Discover the secret of great role design - from the science of how it works to the step-by-step process of designing better jobs in your business.
Discover the secret of great role design - from the science of how it works to the step-by-step process of designing better jobs in your business.
Role design is the practice of purposefully crafting roles within your organization. It’s about more than just writing a job description so you can quickly fill a post. It’s about strategically designing each role to improve the performance of individual role-holders and the organization overall.
If you’ve not heard of role design, don’t worry. Edwin Jansen (CEO at Fuse Cooperative, you’ll learn more about him later) says it is the most influential performance strategy.
In their bestseller - Primed to Perform - Neel Doshi and Lindsay McGregor say role design explains:
Given these big numbers, it’s unsurprising that role design can make or break business performance. But what exactly is it?
In this article, you’ll learn what role design is, how it improves job performance, and how to do it like a boss.
Role design is the process of defining and structuring a job role. Working out the responsibilities of the job holder, the tasks they’ll perform, and how they’ll fit into the overall organizational structure to contribute to its success.
Role design is an essential part of recruitment and talent acquisition. But it’s about more than just filling vacancies. A key part of human resource planning, a well-defined job role lays the foundation for employee and business performance.
Role design - at a basic level - involves three main elements:
Job analysis is the systematic analysis of the vacancy to be created or filled. You want to understand exactly what the job entails and the tasks it performs.
Role definition is concerned with defining the purpose and objectives of the role - why does this role exist within the organization and how does it contribute to overall business success?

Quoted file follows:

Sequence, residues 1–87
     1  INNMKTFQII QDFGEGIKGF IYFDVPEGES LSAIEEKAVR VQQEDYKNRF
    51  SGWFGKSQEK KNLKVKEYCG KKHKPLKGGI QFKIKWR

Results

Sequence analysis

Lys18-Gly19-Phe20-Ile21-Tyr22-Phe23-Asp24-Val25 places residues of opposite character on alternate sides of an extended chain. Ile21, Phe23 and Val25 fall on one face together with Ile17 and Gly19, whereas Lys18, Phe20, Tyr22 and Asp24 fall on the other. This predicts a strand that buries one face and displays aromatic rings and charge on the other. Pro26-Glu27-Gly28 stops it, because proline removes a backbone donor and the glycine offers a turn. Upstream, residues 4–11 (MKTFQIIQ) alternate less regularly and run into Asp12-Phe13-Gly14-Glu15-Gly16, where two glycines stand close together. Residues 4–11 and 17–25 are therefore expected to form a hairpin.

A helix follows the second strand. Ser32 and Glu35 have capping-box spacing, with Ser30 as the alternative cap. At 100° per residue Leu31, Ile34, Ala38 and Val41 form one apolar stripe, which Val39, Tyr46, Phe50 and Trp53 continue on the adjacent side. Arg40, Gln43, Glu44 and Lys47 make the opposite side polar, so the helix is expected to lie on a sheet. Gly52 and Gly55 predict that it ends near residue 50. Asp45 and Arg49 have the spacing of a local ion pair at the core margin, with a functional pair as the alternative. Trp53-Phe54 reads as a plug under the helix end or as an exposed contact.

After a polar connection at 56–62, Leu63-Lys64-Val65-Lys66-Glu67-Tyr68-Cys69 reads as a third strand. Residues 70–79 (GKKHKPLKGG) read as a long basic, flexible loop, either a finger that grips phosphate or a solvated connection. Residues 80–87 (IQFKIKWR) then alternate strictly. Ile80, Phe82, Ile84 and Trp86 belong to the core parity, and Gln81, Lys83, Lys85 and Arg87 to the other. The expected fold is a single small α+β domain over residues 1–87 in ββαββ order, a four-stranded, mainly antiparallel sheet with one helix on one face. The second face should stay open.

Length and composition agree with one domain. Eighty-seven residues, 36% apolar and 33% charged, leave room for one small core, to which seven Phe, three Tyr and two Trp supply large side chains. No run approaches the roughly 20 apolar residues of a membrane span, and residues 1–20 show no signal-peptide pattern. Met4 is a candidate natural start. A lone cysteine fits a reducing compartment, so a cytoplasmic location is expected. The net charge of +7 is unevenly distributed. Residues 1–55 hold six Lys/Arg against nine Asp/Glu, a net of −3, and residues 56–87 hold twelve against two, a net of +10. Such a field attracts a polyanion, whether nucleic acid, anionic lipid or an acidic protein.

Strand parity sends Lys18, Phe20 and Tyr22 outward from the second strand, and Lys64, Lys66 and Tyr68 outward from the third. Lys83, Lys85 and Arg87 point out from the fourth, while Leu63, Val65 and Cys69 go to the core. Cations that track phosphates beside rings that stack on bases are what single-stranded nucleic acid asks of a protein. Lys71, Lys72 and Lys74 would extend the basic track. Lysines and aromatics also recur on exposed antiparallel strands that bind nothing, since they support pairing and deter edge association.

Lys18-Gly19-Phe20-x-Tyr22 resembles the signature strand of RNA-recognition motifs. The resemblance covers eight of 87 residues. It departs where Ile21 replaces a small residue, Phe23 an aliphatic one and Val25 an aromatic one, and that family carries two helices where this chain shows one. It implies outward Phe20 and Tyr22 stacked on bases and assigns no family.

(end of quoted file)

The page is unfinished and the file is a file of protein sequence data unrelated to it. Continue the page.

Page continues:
Qualification criteria specify the skills, experience, academic qualifications, and personal attributes required for an individual to be considered for the role.
We’ll cover these more in the ‘how to’ section below.
However, there is a deeper and more strategic way to look at role design. But before we get to that, we need to look at some key concepts.
Before we explain how performance is improved by strategic role design, we need to understand some of the principles behind high performance in organizations—specifically, the following two concepts.
If tactical performance is how well people follow your organizational processes and practices, adaptive performance is how well they diverge from the plan.
It’s about your people being able to adapt to circumstances as they arise because they have:
But also your organizational culture enabling them to do that well by providing:
Adaptive performance makes your business more responsive to emerging opportunities and challenges, which can deliver a significant competitive advantage.
But roles that are overly prescriptive - and designed without the bigger picture in mind - crush adaptive performance.
Doshi and McGregor argue that there are three direct motivators.
Three indirect motivators:
Direct motivators increase employee motivation at work and improve performance. The indirect motivators decrease personal motivation. However, many organizations mistakenly believe the opposite.
They implement emotional and economic pressure - like bonuses, sales targets, and fear of reprimand - to improve performance. But actually undermine it.
Role design that harnesses direct motivators is proven to drive long-term performance improvements (and we’re going to show you how to do it).
Now you understand those key concepts, how do you use them? How do they help you craft roles that inspire high performance?
You need to understand that traditional role design is concerned with maximizing tactical performance. Organizations have jobs to be done. They design roles around specific functional tasks. And identify academic and professional experience that qualifies people to perform them.
And voila, they’ve designed a job, written a job description, and started recruiting.
However, to improve individual and organizational performance, you need to design roles that also maximize adaptive performance and harness the three direct motivators.
It’s a tough ask. But simply designing roles for tactical performance reduces autonomy, engagement, and motivation at work.
Organizations may deliver their short-term needs very well. But in an ever-evolving landscape, they get stuck - anchored to the spot with job descriptions that are growing ever less relevant. And with colleagues who are disconnected and disempowered.
As the business landscape changes - and organizational performance suffers - the business introduces more indirect motivators. Like management pressure, and performance metrics. But these make matters worse.
According to Neel Doshi and Lindsay McGregor’s book, leaders try to change the players when they should be changing the game.